USC’s Natalia Molina wins MacArthur fellowship for work on immigrant stereotypes
When Natalia Molina was growing up in Echo Park in the 1970s, she’d spend evenings at the Mexican restaurant her mother owned, Nayarit, a neighborhood staple her grandmother founded in 1951 that was frequented by a cross-section of the city: immigrants, Dodgers players after games, celebrities such as Marlon Brando and Rita Moreno. The nights were late, and after hours of people watching and escorting customers to their tables, a young Natalia would crawl into a red vinyl booth and fall asleep, her belly full of enchiladas suizas or stewed ribs in a spicy red sauce.
Molina, a professor of American studies and ethnicity at USC, is now at work on the book “Place-makers: The Story of an Ethnic Mexican Community in Twentieth-Century Los Angeles,” which explores the restaurant’s history as an urban anchor for immigrants. Her third book, it fits right into her oeuvre: The historian has spent nearly two decades exploring how long-held stereotypes and narratives of immigrant communities have shaped our views about race and public policy.
On Tuesday morning, Molina was named a 2020 MacArthur fellow, recognized by the John D. and Catherine T. MacArthur Foundation for “revealing how narratives of racial difference that were constructed and applied to immigrant groups a century ago continue to shape national policy today.”
Molina thought she was joining a phone call with MacArthur staffers to discuss other nominees when she learned of her award last month.
“I had my yellow legal pad out, my pen was poised,” she said. “Then they said: ‘We’d like to talk about the nominee, and that nominee is you!’ I was shocked. It was such a brain jam. But then it was just gratitude. This will be good for talking about race, social justice, issues of equality. It was just: Thank you for caring about these issues.”
Of this year’s 21 fellows across the arts, education, science, media, law and environmental studies, Molina’s work on race, gender, culture and citizenship is particularly timely, essentially at the heart of the national conversation as America undergoes a reckoning over systemic racism and grapples with questions of equity, inclusion and identity.
“There is this moment — we’re seeing how people’s civil rights and human rights are being disregarded,” she said. “One moment it’s the story of George Floyd, the next an Asian American who’s had acid thrown on them, and the next, a child being separated from their parents — and that can be in one day. We need to see how these racial moments are connected so that we can make systemic change.”
Not surprisingly, Molina has been especially busy as a media commentator and public speaker during the pandemic, having done more than a dozen interviews for TV, radio and print outlets on “race, health, place and how we remember history,” she said, including the toppling of the Junipero Serra statue in downtown L.A. and forced sterilization at an Immigration and Customs Enforcement detention center in Georgia.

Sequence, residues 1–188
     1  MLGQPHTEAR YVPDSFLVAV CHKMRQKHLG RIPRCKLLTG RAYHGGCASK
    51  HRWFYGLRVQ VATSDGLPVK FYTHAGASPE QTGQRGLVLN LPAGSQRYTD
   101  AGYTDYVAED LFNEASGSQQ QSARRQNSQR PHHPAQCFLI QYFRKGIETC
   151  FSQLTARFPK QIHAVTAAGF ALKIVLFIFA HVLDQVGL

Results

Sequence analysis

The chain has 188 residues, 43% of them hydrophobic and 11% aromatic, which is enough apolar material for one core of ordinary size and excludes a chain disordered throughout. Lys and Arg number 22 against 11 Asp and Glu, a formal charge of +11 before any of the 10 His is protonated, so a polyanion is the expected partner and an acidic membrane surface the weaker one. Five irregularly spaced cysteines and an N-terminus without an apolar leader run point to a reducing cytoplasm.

“It’s emotionally exhausting,” she said, referring to a media cycle in constant crisis mode. “When you do the research to prepare for interviews, even if you’ve studied this stuff, the stories of discrimination, abuse, it still affects you.”
Molina, who lives in Pasadena and is spending the 2020-2021 academic year as a Huntington Library fellow, is at work on another book, “The Silent Hands That Shaped the Huntington: A History of Its Mexican Gardeners.”
“This book and ‘Place-makers,’ what they have in common is: Let’s tell this story that hasn’t been told about people who helped make this city/space/labor possible,” she said. “These are the workers who we still kind of erase.”
What will she do with the $625,000, no-strings-attached MacArthur stipend meant to free up fellows to pursue new projects?
“I think I’d have a better answer if we weren’t in a pandemic. It’s hard to plan for anything right now,” she said. “But it allows you to think more ambitiously about your work, how you tell these stories. Maybe it’s going beyond just being in the archives; what kind of digital humanities could you do, what kind of platform could you use to spread this information and work with other people?”
Molina offers a thoughtful pause, the silence quickly filled by a knowing chuckle.
“I think about that Eleanor Roosevelt quote: What would you do if you could not fail?” Molina said. “Well the MacArthurs are like: ‘Go ahead, be ambitious. Even if you fail, you’ll be alright!’”
Full list of 2020 MacArthur fellows
Isaiah Andrews, econometrician
Tressie McMillan Cottom, sociologist, writer and public scholar
Paul Dauenhauer, chemical engineer
Nels Elde, evolutionary geneticist
Damien Fair, cognitive neuroscientist
Larissa FastHorse, playwright
Catherine Coleman Flowers, environmental health advocate
Mary L. Gray, anthropologist and media scholar
N. K. Jemisin, speculative fiction writer
Ralph Lemon, artist
Polina V. Lishko, cellular and developmental biologist
Thomas Wilson Mitchell, property law scholar
Natalia Molina, American historian
Fred Moten, cultural theorist and poet
Cristina Rivera Garza, fiction writer
Cécile McLorin Salvant, singer and composer
Monika Schleier-Smith, experimental physicist
Mohammad R. Seyedsayamdost, biological chemist
Forrest Stuart, sociologist
Nanfu Wang, documentary filmmaker
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